It was an honor to attend my tenth birth as a doula this week. Over the past year I have supported families at three different birth centers, three hospitals, and home. I have seen strong women and steadfast partners.
Sometimes people think of babies when they think of doulas. Babies are great. They are beautiful, snuggly, and sweet. They make adorable sounds. If it weren't for babies there wouldn't be any work for me to do. But I'm not in this because of babies. I give my life to this work because of women. I want women to walk away from birth educated, supported, and confident. I want my clients to look back on their births knowing that they had the information needed to make the best decisions they could, feeling supported when it was hard, and confident that they are prepared to meet the challenges of parenthood. I also want to be the one who remains focused on her when everyone else begins to focus on the baby. Postpartum life is hard. There is lack of sleep, stress over feeding and baby's weight gain, feeling overwhelmed with a baby who doesn't stop crying. Everyone wants to see and hold the baby. But what about this new mom? Is she able to rest and allow her body to recover properly? Is she being well nourished? Is she feeling burdened as she tries to meet the needs of older children whole also trying to rest and care for the helpless new one? Even in this time - especially in this time - I want to focus on her.
I am wired for emotional and relational connection. I think this is why I have found this role to be so satisfying. Midwives and OBs have to be focused on physical well being. As a doula, I can jump into the depths of the experience with HER - not just her body, but fully present with HER. "Bringing heart and hands to support your birth" isn't merely a slogan, it is the core of my work.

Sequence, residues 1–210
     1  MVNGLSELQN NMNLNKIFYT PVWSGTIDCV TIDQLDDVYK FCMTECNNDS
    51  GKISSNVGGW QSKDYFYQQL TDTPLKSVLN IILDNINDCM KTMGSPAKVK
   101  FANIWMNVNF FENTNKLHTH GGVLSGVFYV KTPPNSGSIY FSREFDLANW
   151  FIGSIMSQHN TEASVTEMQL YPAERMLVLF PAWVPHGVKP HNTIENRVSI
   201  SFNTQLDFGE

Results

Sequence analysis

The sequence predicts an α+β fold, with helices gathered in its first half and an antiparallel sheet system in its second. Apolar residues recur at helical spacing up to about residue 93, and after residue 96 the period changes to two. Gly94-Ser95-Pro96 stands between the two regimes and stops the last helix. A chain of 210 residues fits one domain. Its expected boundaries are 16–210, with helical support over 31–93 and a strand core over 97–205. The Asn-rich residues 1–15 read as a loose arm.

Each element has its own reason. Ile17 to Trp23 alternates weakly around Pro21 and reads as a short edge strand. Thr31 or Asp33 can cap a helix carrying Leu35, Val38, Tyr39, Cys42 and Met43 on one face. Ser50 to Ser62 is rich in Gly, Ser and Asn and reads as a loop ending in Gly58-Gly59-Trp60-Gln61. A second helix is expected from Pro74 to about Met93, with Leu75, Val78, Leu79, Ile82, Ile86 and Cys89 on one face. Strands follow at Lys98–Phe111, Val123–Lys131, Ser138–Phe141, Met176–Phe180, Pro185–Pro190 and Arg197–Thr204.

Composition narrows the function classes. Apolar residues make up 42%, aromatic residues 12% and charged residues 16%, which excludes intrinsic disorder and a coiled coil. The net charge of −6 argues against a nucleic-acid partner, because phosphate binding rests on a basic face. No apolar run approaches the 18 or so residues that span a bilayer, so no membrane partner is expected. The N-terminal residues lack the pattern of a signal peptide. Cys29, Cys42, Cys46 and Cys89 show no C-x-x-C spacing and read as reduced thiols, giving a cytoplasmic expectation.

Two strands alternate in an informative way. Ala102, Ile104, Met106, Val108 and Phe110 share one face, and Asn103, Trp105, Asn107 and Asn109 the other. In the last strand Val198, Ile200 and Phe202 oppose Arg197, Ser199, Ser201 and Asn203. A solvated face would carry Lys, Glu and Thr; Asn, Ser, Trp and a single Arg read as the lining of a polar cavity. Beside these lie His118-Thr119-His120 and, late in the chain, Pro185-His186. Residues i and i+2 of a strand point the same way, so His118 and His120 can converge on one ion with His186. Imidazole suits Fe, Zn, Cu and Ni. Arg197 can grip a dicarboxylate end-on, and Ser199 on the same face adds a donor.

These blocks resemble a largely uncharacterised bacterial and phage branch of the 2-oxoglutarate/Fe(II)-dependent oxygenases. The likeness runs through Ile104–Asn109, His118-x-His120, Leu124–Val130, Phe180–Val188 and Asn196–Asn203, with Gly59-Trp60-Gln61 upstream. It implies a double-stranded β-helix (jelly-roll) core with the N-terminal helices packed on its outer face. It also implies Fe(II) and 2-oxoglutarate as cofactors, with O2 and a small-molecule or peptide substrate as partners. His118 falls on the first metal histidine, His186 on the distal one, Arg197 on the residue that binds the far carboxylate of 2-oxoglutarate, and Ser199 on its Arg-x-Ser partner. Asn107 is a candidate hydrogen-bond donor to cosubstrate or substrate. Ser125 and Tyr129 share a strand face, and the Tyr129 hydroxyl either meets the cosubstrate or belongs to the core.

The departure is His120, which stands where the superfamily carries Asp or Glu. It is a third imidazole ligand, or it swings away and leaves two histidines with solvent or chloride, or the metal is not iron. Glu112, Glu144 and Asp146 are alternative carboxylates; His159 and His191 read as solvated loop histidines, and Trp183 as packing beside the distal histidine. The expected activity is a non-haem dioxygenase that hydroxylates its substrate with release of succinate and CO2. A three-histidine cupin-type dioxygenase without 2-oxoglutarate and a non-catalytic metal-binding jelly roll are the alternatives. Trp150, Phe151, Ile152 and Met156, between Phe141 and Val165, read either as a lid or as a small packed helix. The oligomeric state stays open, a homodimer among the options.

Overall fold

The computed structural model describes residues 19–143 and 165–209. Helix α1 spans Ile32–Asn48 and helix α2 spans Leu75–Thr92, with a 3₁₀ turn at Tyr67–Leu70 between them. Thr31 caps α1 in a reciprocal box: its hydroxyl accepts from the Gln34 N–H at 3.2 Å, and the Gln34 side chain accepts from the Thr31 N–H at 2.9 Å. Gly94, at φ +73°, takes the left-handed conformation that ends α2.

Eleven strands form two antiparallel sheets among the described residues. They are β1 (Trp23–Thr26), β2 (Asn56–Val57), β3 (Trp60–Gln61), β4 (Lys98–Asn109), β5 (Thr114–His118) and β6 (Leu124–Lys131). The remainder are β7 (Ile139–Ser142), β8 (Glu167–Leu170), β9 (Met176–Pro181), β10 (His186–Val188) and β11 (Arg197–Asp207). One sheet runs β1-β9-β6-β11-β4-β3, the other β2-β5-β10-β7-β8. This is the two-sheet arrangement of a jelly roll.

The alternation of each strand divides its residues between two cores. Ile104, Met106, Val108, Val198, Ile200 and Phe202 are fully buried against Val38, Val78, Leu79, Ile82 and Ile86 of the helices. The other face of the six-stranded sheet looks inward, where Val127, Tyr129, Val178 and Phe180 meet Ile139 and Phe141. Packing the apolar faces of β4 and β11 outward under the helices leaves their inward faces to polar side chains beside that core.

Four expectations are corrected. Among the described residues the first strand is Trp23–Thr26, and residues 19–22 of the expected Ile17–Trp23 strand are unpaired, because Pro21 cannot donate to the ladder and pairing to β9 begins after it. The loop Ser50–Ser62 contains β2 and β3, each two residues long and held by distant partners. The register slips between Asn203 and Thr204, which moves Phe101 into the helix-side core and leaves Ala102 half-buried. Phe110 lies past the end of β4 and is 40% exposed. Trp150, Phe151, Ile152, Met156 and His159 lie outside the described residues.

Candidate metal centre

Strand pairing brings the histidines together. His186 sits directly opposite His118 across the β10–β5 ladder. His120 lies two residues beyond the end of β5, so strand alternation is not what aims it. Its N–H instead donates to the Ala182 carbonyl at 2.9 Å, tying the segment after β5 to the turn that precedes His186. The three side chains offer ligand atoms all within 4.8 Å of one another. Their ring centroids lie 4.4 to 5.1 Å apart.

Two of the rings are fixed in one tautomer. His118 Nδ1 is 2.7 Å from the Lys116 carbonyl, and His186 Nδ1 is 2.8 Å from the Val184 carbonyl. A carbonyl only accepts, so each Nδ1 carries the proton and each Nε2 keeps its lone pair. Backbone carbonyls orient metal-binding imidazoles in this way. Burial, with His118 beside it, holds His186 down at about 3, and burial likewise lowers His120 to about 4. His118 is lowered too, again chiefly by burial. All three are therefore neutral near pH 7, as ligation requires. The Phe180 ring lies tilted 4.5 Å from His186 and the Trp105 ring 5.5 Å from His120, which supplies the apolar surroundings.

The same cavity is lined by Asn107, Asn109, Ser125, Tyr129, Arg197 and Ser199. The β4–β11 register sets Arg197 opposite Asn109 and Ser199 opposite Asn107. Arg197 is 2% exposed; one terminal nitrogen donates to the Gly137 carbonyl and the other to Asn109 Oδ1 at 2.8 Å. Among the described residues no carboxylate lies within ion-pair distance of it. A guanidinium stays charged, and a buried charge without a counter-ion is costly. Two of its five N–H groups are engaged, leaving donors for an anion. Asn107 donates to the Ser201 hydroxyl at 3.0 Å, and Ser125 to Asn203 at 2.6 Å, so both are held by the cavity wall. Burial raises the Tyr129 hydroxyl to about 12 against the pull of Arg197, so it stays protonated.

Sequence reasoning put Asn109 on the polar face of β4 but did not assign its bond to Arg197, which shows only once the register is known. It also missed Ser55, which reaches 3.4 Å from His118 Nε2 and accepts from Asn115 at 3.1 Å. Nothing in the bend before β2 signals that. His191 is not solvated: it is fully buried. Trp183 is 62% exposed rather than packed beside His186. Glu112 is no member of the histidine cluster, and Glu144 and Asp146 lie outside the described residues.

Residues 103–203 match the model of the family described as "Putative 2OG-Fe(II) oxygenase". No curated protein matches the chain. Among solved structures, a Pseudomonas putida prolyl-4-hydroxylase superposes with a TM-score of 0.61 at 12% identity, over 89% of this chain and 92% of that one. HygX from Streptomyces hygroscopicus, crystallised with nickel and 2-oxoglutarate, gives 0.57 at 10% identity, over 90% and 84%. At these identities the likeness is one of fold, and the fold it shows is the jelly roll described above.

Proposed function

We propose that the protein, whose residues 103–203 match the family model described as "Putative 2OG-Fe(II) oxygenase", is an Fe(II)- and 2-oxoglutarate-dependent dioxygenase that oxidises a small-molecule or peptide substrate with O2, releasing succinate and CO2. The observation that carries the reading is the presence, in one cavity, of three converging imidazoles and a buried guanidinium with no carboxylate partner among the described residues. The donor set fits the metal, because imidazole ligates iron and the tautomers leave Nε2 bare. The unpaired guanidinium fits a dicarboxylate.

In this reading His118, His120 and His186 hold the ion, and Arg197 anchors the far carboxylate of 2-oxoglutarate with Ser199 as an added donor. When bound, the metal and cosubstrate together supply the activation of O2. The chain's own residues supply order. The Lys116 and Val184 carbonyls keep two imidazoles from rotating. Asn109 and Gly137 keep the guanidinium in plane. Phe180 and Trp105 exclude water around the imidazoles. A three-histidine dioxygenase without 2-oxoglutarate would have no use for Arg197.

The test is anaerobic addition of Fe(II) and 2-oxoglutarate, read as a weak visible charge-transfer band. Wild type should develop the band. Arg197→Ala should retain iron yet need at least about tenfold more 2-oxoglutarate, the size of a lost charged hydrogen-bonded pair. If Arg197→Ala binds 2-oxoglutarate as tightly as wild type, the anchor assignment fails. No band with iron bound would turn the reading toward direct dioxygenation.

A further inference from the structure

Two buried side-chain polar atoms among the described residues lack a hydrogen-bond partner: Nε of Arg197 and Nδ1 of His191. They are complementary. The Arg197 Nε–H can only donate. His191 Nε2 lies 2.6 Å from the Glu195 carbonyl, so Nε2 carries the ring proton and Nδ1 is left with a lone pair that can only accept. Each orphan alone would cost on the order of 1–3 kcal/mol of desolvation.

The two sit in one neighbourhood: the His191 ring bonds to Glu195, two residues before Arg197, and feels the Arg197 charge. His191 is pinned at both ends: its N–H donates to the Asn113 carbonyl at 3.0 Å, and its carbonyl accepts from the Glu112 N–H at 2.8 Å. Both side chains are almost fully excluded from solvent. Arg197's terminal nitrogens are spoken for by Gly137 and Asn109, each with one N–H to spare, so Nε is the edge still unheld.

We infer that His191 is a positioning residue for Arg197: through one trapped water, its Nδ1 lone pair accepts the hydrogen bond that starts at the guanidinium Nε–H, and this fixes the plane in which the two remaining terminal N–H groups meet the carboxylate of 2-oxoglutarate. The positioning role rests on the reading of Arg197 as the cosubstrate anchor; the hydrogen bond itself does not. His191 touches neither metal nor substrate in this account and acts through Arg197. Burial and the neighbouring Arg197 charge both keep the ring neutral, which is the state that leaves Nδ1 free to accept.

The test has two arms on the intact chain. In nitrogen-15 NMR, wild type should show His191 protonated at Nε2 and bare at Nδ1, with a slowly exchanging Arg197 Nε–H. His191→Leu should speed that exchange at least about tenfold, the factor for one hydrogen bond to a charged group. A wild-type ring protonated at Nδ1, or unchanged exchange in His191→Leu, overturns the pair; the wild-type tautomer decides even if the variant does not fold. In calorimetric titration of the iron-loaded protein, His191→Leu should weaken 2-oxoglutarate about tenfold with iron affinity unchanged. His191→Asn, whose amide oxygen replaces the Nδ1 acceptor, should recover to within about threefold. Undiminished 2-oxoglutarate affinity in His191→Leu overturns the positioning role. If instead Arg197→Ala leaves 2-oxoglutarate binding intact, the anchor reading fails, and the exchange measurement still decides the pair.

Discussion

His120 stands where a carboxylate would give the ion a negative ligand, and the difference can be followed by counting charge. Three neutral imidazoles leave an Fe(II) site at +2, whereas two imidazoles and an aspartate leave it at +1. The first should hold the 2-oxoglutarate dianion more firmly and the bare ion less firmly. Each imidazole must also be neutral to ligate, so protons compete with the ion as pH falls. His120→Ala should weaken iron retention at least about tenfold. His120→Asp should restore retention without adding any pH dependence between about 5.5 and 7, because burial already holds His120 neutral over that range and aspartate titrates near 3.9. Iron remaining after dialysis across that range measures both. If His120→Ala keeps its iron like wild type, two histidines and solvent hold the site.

This week I am excited to share a guest blog post with you. Dr. Kim Nguyen is owner and pregnancy and pediatric chiropractor at Aligned Family Chiropractic in Tomball, TX. Below she shares her top 3 reasons to see a chiropractor during pregnancy.
A lot of people think that you only see a Chiropractor because of neck or back pain, but that’s a big misconception! As a Chiropractor, we work with your nervous system, your brain body connection. Chiropractors check for any subluxations (misalignments that cause interference to your nervous system) that prevent you from functioning at 100%. Health is not about being pain free, but rather how well you are functioning. You live your life through the nervous system, wouldn’t you want it functioning at 100%, especially during pregnancy? During pregnancy not only is your body undergoing many changes, it is doing the important work of supporting your growing baby! The healthier your nervous system, the better your body will be able to adapt to the changes of pregnancy. Here are the top 3 reasons you should see a Webster Certified Chiropractor during pregnancy.
Reason #1-Webster Technique
The term Webster technique is mentioned a lot during pregnancy especially when baby is mal-positioned in utero. As Chiropractors we do not “turn” babies with the Webster technique. The Webster technique can actually be performed on anyone with a pelvic imbalance! Dr. Jeanne Ohm states that “The Webster technique is a specific chiropractic analysis and diversified adjustment. The goal of the adjustment is to reduce the effects of sacral subluxation/ SI joint dysfunction”. Dr. Larry Webster, founder of the Webster Technique, noted that “the restoration of pelvic neuro-biomechanics with this adjustment also frequently facilitated optimal fetal positioning” in pregnant women. So in correcting sacral and SI joint dysfunction with an adjustment, it creates the optimal space for baby to position itself in the best possible position for birth. Also, the more room baby has to move in utero, baby is getting great brain development! Having optimal pelvic and sacral alignment also helps with a smoother labor and birth for mom and baby. Research shows that moms under chiropractic care have shorter labor times! Getting checked frequently throughout pregnancy ensures proper nervous system function, which has many overall health benefits for mom and baby!